DIGESTABLE BEATS MANUAL
Give someone who has an initial interest in diving the BSAC Sport Diving manual, and you might put them off for life. The same goes for the PADI Open Water Diver manual.
Manuals form part of a structured course. When someone has a casual interest in an activity, they need something which is attractive, easily digestible and "sells" the idea.
The Diver's Handbook by Alan Mountain sets out to do that. It is bright, colourful, invitingly laid out and attempts to explain all about diving, without being daunting to anyone who might pick it up and flick through a few pages.
In no way is the subject trivialised - all the information is there. In fact I would risk saying that all the information you will find in the Sport Diving manual is there, but presented in a way that the training agencies might care to note.
Neither text nor photography is startlingly innovative, but the design puts it all together in a very digestible way.
One or two photographs of divers under water have that stilted, wide-eyed look so popular with publishers of US magazines, but the rest are of the highest quality. Scuba-diving here looks fun and bright and modern.
If you want to know about computing, a computer manual is no place to begin. If a non-diver asked me for a suitable book for starters, I would not hesitate to recommend this big softback.
Strangely, New Holland has also brought out another, very similar book. Scuba Diving, by Jack Jackson, is part of a different series of how-to-do-it books on a wide range of activities. With fewer pages (96 as opposed to 160), and in a hard cover, its style otherwise mimics that of the other. Even the photos have the same look.
The publisher tells me that The Diver's Handbook would appeal to the more serious diver (I beg to differ) whereas Scuba Diving fulfils the role of being part of a set. I wonder how many people buy a set of books on how to participate in disparate outdoor activities? They might look good on the bookshelf but the collectors would seem to be rather sad.
Taken as a stand-alone volume, my reactions to Scuba Diving are similar to my reactions to The Diver's Handbook, except to point out that some subjects have been omitted in Scuba Diving.
The Diver's Handbook by Alan Martin, New Holland (020 7724 7773). Softback, 160pp, £12.99. Scuba Diving by Jack Jackson, New Holland. Hardback, 96pp, £12.99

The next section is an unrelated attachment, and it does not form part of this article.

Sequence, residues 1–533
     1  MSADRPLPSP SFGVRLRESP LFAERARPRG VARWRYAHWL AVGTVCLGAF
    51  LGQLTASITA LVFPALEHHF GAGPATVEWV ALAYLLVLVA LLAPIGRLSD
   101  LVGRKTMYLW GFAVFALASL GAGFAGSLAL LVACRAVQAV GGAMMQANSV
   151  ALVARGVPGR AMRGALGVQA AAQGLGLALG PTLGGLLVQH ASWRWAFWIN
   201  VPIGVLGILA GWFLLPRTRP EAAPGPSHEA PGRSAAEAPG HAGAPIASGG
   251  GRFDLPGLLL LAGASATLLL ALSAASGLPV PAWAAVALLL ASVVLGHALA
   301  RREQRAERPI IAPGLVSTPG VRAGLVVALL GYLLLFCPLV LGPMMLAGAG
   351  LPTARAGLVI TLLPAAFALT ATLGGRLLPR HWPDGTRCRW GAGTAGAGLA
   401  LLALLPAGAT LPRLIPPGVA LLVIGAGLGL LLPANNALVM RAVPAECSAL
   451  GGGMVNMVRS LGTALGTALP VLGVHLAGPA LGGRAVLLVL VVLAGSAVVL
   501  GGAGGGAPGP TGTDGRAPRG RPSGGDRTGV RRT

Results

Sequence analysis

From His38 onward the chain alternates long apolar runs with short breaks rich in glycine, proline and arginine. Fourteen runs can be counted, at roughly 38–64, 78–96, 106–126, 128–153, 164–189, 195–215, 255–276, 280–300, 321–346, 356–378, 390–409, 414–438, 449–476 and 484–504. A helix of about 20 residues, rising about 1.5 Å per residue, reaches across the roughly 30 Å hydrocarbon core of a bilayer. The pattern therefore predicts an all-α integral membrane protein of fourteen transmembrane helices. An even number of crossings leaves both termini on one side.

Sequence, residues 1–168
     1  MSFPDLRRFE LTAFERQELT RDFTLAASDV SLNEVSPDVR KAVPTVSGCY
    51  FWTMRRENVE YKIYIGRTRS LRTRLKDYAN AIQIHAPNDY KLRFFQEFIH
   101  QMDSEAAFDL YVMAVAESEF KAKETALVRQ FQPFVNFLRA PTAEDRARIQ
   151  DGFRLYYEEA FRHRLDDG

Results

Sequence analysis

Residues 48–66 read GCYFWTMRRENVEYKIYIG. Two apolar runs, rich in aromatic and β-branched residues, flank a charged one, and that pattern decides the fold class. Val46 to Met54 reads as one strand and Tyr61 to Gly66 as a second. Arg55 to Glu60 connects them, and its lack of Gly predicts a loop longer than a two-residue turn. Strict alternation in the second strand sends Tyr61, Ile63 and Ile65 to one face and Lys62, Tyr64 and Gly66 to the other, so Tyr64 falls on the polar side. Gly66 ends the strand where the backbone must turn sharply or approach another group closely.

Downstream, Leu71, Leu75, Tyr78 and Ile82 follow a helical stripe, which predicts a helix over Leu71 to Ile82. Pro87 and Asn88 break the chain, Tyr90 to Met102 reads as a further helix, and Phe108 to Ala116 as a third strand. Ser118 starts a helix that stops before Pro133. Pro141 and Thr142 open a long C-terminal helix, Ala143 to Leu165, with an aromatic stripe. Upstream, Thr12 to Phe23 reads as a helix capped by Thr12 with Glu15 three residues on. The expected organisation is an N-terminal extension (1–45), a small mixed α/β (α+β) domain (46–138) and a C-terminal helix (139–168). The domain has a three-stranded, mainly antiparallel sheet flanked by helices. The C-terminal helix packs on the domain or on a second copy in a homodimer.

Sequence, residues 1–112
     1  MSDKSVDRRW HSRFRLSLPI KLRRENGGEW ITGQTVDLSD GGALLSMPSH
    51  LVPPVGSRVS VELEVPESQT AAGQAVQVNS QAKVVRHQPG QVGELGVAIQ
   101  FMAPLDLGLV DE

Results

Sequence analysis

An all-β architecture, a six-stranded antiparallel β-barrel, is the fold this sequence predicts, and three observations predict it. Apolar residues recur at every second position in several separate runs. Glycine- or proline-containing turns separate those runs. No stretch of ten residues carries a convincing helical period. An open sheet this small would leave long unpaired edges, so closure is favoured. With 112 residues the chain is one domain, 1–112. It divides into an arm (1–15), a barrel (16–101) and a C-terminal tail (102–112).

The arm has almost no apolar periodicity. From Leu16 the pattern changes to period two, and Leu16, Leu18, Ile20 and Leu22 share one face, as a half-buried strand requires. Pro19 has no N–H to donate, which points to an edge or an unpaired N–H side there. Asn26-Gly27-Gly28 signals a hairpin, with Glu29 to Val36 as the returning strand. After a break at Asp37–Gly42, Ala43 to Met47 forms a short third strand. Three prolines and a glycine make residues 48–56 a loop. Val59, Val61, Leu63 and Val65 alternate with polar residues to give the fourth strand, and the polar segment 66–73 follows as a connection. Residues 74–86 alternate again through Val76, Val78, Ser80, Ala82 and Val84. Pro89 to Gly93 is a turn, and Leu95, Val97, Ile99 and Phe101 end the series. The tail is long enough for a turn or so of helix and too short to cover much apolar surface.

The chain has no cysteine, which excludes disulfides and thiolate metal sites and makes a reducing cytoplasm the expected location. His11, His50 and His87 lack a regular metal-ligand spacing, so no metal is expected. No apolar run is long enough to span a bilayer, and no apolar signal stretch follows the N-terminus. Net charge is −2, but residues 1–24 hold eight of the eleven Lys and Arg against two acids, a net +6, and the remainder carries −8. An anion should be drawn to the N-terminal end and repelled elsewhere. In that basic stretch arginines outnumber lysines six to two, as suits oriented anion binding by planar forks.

What happened to the Affray?
No one will ever make the perfect video for wreck divers. But Innes McCartney comes pretty close with The Mystery of HMS Affray.
His 30-minute production tells of the loss of HM Submarine Affray during a training exercise in the Channel in April, 1951. It took 60 days before the sub was found in 86m near the Hurd Deep, though long before that, all hope had been given up for the 75 men aboard.
Navy divers then found that the snorkel mast was snapped off and lying head-down over the side. This fracture was almost certainly the cause of the sinking. It would have let tons of water into the sub and filled her within moments.
McCartney handles the story of this disaster in a sensitive manner, as befits its "war grave" status, and those planning wreck videos could learn from it.
I liked his technique of setting the sub's building and basic statistics in type like sub-titles, but over the relevant pictures. I also appreciated the clear and serious commentary given by Patricia Hornabrook, which fortunately triumphs over the somewhat ill-fitting tinkling piano background music.
There is good colour film taken in a sister sub, showing how modern the internal fitting was, and I presume that this was Naval archive film, as McCartney's production is "in association with the Royal Navy Submarine Museum, Gosport" and "a proportion of the funds from the video will be donated to the HM Submarines Centennial Fund".
The 1998 underwater film of the wreck is taken in the deep dark by a team of technical divers, led by McCartney. Lights were, of course, necessary, but the result has good colour quality. We are led around key external features: bridge, binnacle, speaking tubes, navigation lights, closed hatches and where the snorkel broke away in its collar.